Acrobat JavaScripts – Where do they go?

JavaScripts in Acrobat can either be attached to a document – for example to validate a form field – or they can be loaded directly into the application as a folder level script. It’s pretty straight forward to figure out where to put a script that should run when a button is pressed in a form, but where do you install folder level scripts?

In my blog posts, I usually just list one of the paths that you would use for Acrobat running on Windows (e.g. in Splitting PDF Pages). This means that the Mac users are usually left out – which is a bit strange because I am a Mac user. Most Acrobat users are running it on Windows, so that’s why I can take that shortcut without upsetting too many people.

But where would you store these folder level scripts on a Mac – or on Windows if you just want them to be available for one user?

There is an app for that!

Acrobat provides a JavaScript function that returns configuration paths: app.getPath()
The JavaScript for Acrobat API Reference provides information about the getPath function. From that document we learn that there are two different kinds of paths: application level and user level. An application level path would be for all users on a certain computer, whereas a user level path is for one specific user. We can also see that Acrobat can report a number of different paths: root, eBooks, preferences, sequences, documents, javascript, stamps, dictionaries, plugIns, spPlugIns, help, temp, messages, resource and update.

So, to report the application level JavaScript path, we would run the following command in the JavaScript console (and if you want to run this on an Apple laptop, you need the information at “Developing Acrobat JavaScript on a MacBook” to execute a script in the console):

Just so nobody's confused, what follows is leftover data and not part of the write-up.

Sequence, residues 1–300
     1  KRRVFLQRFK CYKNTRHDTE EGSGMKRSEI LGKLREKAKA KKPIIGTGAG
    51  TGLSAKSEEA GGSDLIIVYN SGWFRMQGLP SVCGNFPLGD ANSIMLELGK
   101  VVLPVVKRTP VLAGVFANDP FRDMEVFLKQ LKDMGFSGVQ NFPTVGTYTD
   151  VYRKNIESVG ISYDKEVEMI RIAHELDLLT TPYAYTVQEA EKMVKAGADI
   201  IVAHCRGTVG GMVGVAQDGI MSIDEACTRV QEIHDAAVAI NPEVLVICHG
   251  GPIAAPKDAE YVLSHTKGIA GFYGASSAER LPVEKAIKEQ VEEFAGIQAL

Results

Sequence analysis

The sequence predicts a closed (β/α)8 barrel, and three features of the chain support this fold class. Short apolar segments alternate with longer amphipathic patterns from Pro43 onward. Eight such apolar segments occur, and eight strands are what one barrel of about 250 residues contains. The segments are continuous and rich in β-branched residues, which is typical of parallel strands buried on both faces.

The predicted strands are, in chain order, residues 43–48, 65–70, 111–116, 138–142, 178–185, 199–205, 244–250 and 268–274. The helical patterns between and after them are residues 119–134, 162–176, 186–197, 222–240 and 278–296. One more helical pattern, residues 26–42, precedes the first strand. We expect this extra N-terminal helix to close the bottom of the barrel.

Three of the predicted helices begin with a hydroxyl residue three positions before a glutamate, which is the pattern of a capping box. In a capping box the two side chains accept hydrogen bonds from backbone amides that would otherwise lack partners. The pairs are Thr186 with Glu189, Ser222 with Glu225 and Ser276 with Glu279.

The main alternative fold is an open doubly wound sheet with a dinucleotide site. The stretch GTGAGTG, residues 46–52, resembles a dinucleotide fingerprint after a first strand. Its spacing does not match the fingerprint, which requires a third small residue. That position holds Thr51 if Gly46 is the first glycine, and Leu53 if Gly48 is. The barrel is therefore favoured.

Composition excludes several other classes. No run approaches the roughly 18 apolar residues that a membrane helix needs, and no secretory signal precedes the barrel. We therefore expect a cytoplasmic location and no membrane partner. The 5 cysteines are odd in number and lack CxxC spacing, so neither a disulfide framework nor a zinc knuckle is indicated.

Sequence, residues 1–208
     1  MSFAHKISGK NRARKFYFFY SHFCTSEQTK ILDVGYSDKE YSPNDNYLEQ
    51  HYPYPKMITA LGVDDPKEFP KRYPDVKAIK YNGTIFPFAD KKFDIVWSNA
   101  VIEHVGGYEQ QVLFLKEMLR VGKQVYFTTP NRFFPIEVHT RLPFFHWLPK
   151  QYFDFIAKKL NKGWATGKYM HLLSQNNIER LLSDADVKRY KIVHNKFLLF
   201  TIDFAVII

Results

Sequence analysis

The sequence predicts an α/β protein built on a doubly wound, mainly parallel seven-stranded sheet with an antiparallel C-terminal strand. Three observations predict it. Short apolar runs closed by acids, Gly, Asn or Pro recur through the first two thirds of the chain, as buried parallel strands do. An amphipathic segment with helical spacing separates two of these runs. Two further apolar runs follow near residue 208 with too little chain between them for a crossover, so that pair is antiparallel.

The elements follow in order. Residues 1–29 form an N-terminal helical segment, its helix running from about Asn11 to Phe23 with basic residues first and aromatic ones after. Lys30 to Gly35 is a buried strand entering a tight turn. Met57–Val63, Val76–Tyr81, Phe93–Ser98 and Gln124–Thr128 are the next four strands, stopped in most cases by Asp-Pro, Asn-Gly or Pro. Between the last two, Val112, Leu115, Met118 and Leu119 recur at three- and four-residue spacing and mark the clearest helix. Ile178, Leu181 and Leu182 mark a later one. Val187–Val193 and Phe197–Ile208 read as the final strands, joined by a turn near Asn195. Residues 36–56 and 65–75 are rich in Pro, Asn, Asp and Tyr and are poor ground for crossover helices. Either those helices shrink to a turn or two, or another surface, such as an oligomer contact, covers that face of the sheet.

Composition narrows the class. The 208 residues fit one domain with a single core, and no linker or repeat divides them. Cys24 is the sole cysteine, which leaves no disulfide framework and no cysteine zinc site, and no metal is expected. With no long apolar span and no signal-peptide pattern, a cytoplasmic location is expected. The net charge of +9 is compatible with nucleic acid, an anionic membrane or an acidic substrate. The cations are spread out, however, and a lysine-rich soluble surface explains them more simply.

app.getPath("app", "javascript");

And, that command running in Acrobat 9 on a Mac would produce the follwing output:

/Macintosh HD/Applications/Adobe Acrobat 9 Pro/Adobe Acrobat

So, with this little script, you can find out where to save your JavaScripts regardless of what system you are using – and, you can also find out about other configuration paths in Acrobat.

OK, so it’s not really an app, but it’s easier to use than some apps I’ve seen.

This entry was posted in Acrobat, JavaScript, mac, PDF, Programming and tagged , , , , . Bookmark the permalink.

7 Responses to Acrobat JavaScripts – Where do they go?

  1. John says:

    At least this page is not just a copy of Adobe documentation, however, my goal when finding your site is to open a dialog File | Open which will allow me to select from a variety of scripts. All scripts I am writing need to be application level js files. I’m a newbie to Apple script so don’t beat me up too bad. BTW It is really irritating to find that many of the snippets dispayed in the countless blogs require a predefined document on which to act.

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  3. Tiz says:

    I agree with John

  4. Tonia says:

    Isn’t there an easy edit to change the size and color of an existing stamp?

  5. Karl Heinz Kremer says:

    Tonia, the size can be changed by grabbing one of the resize handles after you place the stamp, and then drag it to it’s desired size. The color cannot be changed without actually changing the stamp.

  6. Raymond Carl says:

    Karl i have a question about adding a pick list to a dynamic stamp. I have a stamp that asks the user for the some information and I would like to have one of the things be a dropdown list that the user picks the reason from a list.

    I am using the below code to how would you make the reason field a dropdown list

    if ((event.source.forReal)&&(event.source.stampName == “#Invalid_Stamp”))
    this.getField(“Reason”).value = app.response(“Reason:”);
    this.getField(“Analyst”).value = app.response(“Analyst:”);

    this.getField(“Date”).value = util.printd(“mm/dd/yyyy” , new Date());
    Any help would be appreciated.

  7. Karl Heinz Kremer says:

    Ray, for a dynamic stamp, you would have to create a dialog window where the user selects the items that should go on the stamp, and then the stamp’s form fields are filled out by the stamp script. This requires some serious programming. I would recommend that you take a look at Thom Parker’s book about stamps (or his tutorials on the site).

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